Monday, April 20, 2015

Dear Kate: Living with Grief by Nancy Comiskey

This article had me glued until the end, reading it on a sleepy Sunday morning.

It is the most powerful account of grief  - and specifically - the death of a child. Not much (that I can see) is written about the deep and cutting grief of losing your son or daughter.

There isn't even a word for it. A child that loses both parents is an orphan. A husband who loses a wife is a widower. A wife who loses a husband is a widow.

I have included an excerpt here, which you can continue reading in link below.I have included it on this blog page as I can relate to the intense, still ongoing grief of losing my mother. Grief comes in waves, and grief is different for everyone. I do believe that losing a child is a grief like no other. Read on and share if you like. (Photo below of Nancy and her husband, and their son and family today).

Dear Kate: Living with Grief, by Nancy Comiskey

Following our daughter’s death, my husband and I saw no end to the grief. Yet we have somehow discovered meaning, hope, and even joy after life’s most terrible loss.

One morning in early June 2004, I peeked into the room where my 23-year-old daughter, Kate, was still curled up in the white wrought-iron bed she had slept in as a child. I paused for a moment and gazed at her lovely face, framed by wild, curly hair that spread out like seaweed across the pillow.

Standing there, I said to myself, as I sometimes did, I could not draw another breath if anything happened to this child.

Five months later in Bloomington, as Kate drove to Indian Creek High School to teach freshman English, a 45-year-old man high on opiates and cocaine crashed into her Honda Civic. In the emergency room, a nurse snipped off two tangled locks of her chestnut hair for me. Two days later, when I gently washed them in our bathroom sink, the water turned pink with her blood.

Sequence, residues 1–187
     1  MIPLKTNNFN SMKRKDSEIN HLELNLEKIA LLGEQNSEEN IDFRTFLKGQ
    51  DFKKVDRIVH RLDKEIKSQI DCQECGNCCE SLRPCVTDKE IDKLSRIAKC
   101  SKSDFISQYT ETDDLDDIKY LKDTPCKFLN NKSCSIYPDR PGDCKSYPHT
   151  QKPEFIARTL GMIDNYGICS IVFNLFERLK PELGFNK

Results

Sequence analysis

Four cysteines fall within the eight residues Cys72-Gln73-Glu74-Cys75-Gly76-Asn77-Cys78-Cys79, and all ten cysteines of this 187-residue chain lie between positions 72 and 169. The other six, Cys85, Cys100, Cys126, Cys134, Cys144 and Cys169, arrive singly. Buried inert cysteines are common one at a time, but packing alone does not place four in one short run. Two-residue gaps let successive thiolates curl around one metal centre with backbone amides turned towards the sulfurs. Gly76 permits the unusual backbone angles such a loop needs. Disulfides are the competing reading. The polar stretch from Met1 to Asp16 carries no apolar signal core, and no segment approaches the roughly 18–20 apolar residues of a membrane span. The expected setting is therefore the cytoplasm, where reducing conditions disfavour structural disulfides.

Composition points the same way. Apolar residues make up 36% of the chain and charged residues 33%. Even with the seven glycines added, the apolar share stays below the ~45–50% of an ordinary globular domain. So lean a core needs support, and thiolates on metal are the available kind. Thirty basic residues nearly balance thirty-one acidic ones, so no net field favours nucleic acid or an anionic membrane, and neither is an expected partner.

Yet I did draw another breath. And one after that. And one after that.

On Kate’s first birthday after her death, I wrote her a long letter. I planned to burn it and put the ashes in the stone wall my husband, Steve, was building in her memory at our cottage in Maine. But at the last minute I decided to make a copy. Every birthday since then, I’ve written her another letter, telling her about births and deaths, marriages and breakups, kindnesses and disappointments—but also about everyday things like a new kind of Friendster called Facebook, the YouTube honey badger, and the antics of her little Lab mix, Lola.

Ten years have passed since I last brushed Kate’s hair from her cheek. I’m not the same person I was then, and I know now I never will be. But I do the best I can with the life I have now. A year after her death, I wrote about my daughter’s too-short life in “Kate’s Story” inIndianapolis Monthly. I had “no brilliant insights on healing and hope,” I said then. Nine years later, I’m sharing the story of what I’ve learned since, along with passages from those birthday letters to Kate. If my experience helps someone better understand the loss of a child, if it offers hope to those facing challenges of their own, then Kate’s life continues to have meaning. And that is a gift I can still give her.

Read the rest of the article here on the Indianapolis Monthly site.

Photos of Nancy's daughter Kate below. Rest in peace, Kate. Nancy - what a woman. You will help so many people.

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